Login New Account
Cosplayer TifaIA > Costume of Lillimon (Digimon Adventure)

Most Recent Photo
Digimon Adventure
Year Completed:
Construction Difficulty:
Costume worn at:
YuleCon 2010
Permanent Link:
About this Costume
Construction Details:
Lillymon Or Lilimon. Or Lilymon. Or Lillimon. Whichever country you’re in, one of those spellings is correct. Why this character? I’ve loved Digimon for as long as I can remember. When everyone was getting into Pokemon, way back in 1996, I was getting into Digimon. For me, this is bringing back a piece of my childhood. Lillymon felt like a good balance between tamer and monster. There wasn’t one tamer that I wanted to be, nor was there one digimon. And that’s why Lillymon came to mind. It allowed me to take on new sewing challenges without going into a full mascot costume. Lillymon had its own challenges with finding pictures and video. Because Digimon is also a card game, there are a lot of different variations on the colors and sizing with Lillymon’s wardrobe. I did my best to try and combine all of the pictures into one. So in some aspects, all of the colors are right on each variation of trading cards and the anime. XD The outfit is broken into a few pieces. Shirt. Pants. Skirt/belt. All are made of stretch cotton. The shirt is a sleeveless turtleneck, with a zipper in the back so that the neck is tight (though still breathable). The yellow vines and leaves are normal cotton, stitched into place. A pair of shorts were made in pink and sit under the shirt for no upskirts. The belt is part skirt, part flower petals. The petals were made with a stretch cotton and then hand dyed to get the darker tones on the bottom. Then they were stuffed with scraps of fabric from previous projects and sewed onto the belt. Behind them is a green organza that has been ruffled into a skirt. The bottom trim on the skirt is leftover green fabric from another project. I did this skirt for a two reasons. To give some extra texture to the costume, she is part flower after all. Mostly it’s from this one shot in the anime where she flys by the screen and there is a second or two where the camera goes near that area, and all you see is green. So I wanted to represent that. The armbands are also stretch cotton, with the same yellow used on the shirt. The boots are brocade cotton covers that go over a pair of flats. The flowers were hand cut and sewed on. The stiffness in the cloth helps keep the tops of the boots up without cutting off circulation to the leg. The headpiece is a new feat that I’m proud of. The petals were also made of stretch cotton and dyed with the petals on the belt (consistency!). The headband was made with 20 gauge wire and wrapped in cotton to reduce any markings after wearing the headpiece for a few hours. From there, I attached the vines to the back (tying and gluing). The vines are made out of yarn that I hand crocheted. The yarn has a thin thread of gold running through it, which I felt like it gave more of the vine look. Trying to go for an organic costume and didn't want the vines to be a burden to the outfit. After attaching the vines, I went through and sewed each petal through the headband and to each other so that they almost connect at the top. The yellow filament is a thin wire wrapped with another bit of stretch cotton so it can be bent as need-be. It was sewn to the tops of the petals to maintain stability. The wings are also a first time effort. They are made of 22 gauge wire, wrapped with cotton brocade cloth and painted with a dark green paint pen. Unfortunately my harness system vanished. So I ended up making two more yarn vines and created shoulder straps. At first I thought it was corny (since the wings are attached to Lilly and not on a strap) but after a while I could see the straps blending in with the vine hair. Last but not least is the flower cannon. This is an assembly of stretch satin, matte side up, wire, paper mache, and lots of testing. I made a small model using cardboard for the cannon and scraps of cotton as leaves, using a pulley to get the flowers to open and close. Seeing how well it turned out, I created a full scale version. Cost: 68.70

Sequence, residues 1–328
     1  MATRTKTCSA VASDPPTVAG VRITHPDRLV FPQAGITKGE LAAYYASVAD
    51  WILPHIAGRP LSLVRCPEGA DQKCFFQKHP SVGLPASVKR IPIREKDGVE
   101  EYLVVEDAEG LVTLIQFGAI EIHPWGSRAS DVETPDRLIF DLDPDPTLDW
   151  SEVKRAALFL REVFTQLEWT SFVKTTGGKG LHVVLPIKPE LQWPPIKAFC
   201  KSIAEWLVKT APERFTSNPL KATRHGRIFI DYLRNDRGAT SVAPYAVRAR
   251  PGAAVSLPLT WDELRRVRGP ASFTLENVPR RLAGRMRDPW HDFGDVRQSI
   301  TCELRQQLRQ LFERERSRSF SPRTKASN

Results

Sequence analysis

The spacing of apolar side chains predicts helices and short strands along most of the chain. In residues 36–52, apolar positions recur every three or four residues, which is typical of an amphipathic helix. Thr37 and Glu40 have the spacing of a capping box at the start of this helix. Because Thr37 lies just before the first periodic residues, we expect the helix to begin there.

Add a Comment
  • Photo 1
     Photo 1
    Comments 0
  • Photo 2
     Photo 2
    Comments 0
  • Photo 3
     Photo 3
    Comments 0

Sorry, you must be a registered user of and logged in to view and add comments. Either log in or register now!